• Non-profit status: Graduate student groups can investigate whether they can register with the Secretary of the State of Connecticut as a non-profit, with the federal government as a 501(c)(3) group, or as a charitable organization
  • E-postcard annual filing with IRS: There are IRS 990-N “e-postcard” filing requirements for exempt organizations with gross receipts of less than $25,000 per year. Failure to file the annual 990-N e-postcard for three consecutive years may result in the revocation of an organization’s exempt status and legal problems, and may trigger the revocation of group registration with Yale offices.

Publicity Channels

  • McDougal Graduate Student Life lists all currently registered graduate student graduate here each year - this list is updated each year after the registration period concludes.
  • Website - Sites.yale.edu is where groups can request an ITS website on the Yale server designed and maintain by group members. The new Orgsync system can create websites for registered groups with portals in the new system, so web design skills are not needed.
  • Yale.edu Email - You may also request a Yale e-mail address for the organization or use gmail
  • Graduate School Orientation showcases numerous student organization. Each year, we invite all graduate student orgs registered with McDougal GSL-GSAS to participate in the Graduate Activities Fair during GSAS Orientation in late August. Invitations are emailed in early August. To request group welcome events be included on the Graduate School Orientation Schedule, please email mcdougal.center@yale.edu well in advance.
  • McDougal Grad Student Life E-Notes is the weekly email newsletter where registered graduate student groups can submit announcements of their major events. McDougal Graduate Student Life E-Notes is an E-newsletter distributed to 6,000+ graduate and professional student, postdoc and spouse/partner subscribers.
    • Use the form link on this page to submit to the McDougal GSL e-Notes by Thursday midnight of the week before your event. Events are included on a space available basis and subject to editing for length and tone.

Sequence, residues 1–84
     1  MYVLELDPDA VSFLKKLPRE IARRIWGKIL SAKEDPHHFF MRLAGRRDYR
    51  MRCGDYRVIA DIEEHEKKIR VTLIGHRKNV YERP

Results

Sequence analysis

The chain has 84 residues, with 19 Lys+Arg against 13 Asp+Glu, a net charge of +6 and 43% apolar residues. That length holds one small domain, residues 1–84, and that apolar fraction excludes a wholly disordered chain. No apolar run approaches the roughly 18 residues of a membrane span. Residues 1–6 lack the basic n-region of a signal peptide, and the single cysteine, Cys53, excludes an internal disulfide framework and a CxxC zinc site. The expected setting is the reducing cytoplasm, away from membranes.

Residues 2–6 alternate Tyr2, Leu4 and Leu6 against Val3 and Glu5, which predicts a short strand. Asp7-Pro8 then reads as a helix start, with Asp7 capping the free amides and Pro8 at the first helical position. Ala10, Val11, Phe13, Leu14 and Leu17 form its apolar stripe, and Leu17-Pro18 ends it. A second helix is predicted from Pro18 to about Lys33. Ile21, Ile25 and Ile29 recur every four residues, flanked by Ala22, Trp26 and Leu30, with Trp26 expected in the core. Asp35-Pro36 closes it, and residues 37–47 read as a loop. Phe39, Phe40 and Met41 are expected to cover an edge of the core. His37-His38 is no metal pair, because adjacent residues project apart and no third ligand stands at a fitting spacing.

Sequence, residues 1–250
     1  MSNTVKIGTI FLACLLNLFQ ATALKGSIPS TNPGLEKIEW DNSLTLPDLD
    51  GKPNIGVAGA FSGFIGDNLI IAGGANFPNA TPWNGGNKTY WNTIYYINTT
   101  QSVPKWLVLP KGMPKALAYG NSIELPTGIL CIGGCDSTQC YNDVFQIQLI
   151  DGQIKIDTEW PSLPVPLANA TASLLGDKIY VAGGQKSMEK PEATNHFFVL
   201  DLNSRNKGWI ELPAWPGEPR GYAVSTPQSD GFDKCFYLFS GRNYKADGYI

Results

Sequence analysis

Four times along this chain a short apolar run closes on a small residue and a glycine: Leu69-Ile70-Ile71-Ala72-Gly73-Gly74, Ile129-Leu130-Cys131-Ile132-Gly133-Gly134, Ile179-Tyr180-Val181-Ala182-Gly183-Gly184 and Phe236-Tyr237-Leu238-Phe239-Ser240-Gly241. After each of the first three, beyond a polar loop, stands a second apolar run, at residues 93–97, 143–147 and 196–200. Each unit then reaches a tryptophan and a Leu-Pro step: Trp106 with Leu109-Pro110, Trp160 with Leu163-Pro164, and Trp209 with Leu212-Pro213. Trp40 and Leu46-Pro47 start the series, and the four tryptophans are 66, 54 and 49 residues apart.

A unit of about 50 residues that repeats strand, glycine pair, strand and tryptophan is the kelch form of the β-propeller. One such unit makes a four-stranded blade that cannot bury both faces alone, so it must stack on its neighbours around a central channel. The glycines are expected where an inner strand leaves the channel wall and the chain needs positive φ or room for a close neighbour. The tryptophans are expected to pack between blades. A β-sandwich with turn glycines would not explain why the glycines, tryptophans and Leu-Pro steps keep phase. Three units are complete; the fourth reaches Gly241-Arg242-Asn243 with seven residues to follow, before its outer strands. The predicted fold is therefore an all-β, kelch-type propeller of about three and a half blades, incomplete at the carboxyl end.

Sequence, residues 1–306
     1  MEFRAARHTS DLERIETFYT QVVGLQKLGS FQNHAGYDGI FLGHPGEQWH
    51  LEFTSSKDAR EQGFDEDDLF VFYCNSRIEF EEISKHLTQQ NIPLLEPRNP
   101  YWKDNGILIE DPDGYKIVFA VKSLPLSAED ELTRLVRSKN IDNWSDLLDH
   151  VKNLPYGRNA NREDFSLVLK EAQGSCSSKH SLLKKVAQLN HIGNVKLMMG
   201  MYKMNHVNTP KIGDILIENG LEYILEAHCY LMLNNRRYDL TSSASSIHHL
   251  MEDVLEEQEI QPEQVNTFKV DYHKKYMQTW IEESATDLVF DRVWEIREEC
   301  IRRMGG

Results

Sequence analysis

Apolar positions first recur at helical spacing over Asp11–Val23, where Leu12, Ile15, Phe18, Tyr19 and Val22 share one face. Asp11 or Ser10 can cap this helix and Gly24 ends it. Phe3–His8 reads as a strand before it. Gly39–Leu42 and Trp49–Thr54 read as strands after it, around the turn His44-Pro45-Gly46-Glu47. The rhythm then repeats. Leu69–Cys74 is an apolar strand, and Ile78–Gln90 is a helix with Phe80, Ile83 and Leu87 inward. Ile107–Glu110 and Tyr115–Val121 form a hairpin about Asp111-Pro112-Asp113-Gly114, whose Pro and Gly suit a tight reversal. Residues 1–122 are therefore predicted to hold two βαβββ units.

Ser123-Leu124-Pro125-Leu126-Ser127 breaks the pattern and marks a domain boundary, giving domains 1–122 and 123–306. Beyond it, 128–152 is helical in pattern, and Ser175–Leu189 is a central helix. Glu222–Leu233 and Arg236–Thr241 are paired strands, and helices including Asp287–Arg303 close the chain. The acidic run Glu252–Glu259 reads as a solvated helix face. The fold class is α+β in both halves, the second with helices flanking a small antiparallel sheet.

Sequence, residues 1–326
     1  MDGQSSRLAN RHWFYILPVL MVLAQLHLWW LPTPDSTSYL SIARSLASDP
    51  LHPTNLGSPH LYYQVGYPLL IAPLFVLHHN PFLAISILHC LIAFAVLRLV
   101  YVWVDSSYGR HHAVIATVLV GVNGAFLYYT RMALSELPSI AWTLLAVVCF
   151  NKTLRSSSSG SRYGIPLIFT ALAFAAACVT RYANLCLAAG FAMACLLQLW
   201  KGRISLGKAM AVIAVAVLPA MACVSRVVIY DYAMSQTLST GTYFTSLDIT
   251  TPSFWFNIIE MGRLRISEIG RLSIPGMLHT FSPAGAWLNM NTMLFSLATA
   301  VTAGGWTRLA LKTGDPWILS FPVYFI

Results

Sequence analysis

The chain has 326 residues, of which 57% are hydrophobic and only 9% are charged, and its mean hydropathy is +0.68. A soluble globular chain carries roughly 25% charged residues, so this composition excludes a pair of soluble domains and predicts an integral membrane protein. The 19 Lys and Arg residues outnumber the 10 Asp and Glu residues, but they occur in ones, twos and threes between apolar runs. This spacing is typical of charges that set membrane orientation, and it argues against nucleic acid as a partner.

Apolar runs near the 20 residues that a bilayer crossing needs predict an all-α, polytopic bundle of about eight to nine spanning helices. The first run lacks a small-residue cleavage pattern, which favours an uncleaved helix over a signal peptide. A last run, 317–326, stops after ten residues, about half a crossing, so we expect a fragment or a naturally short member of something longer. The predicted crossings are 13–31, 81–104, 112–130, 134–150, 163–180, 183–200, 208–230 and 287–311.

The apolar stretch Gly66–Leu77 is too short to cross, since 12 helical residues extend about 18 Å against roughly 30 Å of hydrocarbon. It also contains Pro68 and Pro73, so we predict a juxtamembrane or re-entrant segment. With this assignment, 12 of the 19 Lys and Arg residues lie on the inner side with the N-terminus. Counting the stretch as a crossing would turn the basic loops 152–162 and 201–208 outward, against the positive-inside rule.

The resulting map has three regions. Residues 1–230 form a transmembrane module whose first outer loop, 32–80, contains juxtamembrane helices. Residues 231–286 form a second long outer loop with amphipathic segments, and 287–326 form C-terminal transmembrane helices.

• Groups that receive funding from McDougal Graduate Student Life must submit their events for inclusion in the McDougal GSL E-Notes. Failure to comply may jeopardize reimbursement and future funding.
  • Additional publicity options are the Yale Calendar, the GPSS Calendar and announcements, the Yale Daily News and of course your own Facebook page, email lists or group pages.

Licensed Merchandise - Yale insignia items for your organization

To protect the Yale name, logos, and images, Yale University expects student groups to produce or buy only licensed merchandise imprinted with your group name or logo, using providers who adhere to Yale guidelines. This means that Tshirts, mugs, pens, and other logo items should be reviewed before production and must follow Yale trademark guidelines.

  • If you are creating your own group logo or using the Yale name. logos or images on merchandise for your group, you should consult with Yale Trademark Licensing staff and work with your producer before items can be approved for production.
  • Yale Licensing has FAQs and includes the list of things Yale will not approve for licensing.
  • Official Yale Insignia goods providers include the Yale Bookstore, Campus Customs on Broadway, or YPPS.

Film & Movie Screenings On campus